PETALING JAYA: Banks that build in-house platforms to achieve digitalisation are 70% more likely to fail than those that seek professional help, according to an expert.
Such failures are mostly caused by cost overruns and lengthy preparation and commissioning.
This, according to Backbase, a Dutch financial technology service provider, has led banks to become system centric and disconnected from the financial ecosystems.
In a press statement, Backbase said the assessment has been derived from its study of 65% of medium to large banks across the Asia-Pacific that have chosen to build in-house digital platforms.
Engagement banking expert Ashish Kakar attributed this to the fact that traditional in-house digitalisation strategies no longer support the modern and complex systems in the digital banking space.
He said many banks in the Asia-Pacific are still in an early stage in their digitalisation journey and have failed to capitalise on its benefits or delivered compelling digital customer engagements due to the lack of cutting-edge digital strategies.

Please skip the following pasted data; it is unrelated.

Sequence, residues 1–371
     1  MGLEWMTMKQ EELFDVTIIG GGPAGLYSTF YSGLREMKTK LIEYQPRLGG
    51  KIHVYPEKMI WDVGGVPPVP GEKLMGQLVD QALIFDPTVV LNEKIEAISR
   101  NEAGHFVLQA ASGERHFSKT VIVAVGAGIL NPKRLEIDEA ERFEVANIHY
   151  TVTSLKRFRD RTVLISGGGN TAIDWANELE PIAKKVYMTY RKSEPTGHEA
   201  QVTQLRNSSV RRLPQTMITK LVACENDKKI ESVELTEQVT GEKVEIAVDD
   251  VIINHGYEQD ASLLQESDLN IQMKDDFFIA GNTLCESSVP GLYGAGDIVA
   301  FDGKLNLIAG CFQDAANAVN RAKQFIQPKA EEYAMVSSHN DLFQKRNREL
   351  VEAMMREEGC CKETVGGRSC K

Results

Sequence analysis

“This is causing a disconnect between banks and customers, leading to most banking products and offerings being deemed limited,” he added.
“Building in-house platforms has been a de-facto strategy for banks, but it’s no longer feasible to deliver at the pace and scale that is required to be competitive,” Kakar said.
As an alternative, Backbase said, the “adopt and build” strategy is more pragmatic for banks to accelerate their effort by leveraging on an end-to-end engagement banking platform.
It said the approval for five digital banks has raised hopes for positive change in the digital banking landscape in Malaysia. These digital banks are expected to be operational in the next 12 to 24 months.
Backbase Asia regional vice-president Riddhi Dutta said that collectively, retail and business banking are projected to account for 25.5% of the GDP by 2025, making them a key contributor to the digital economy.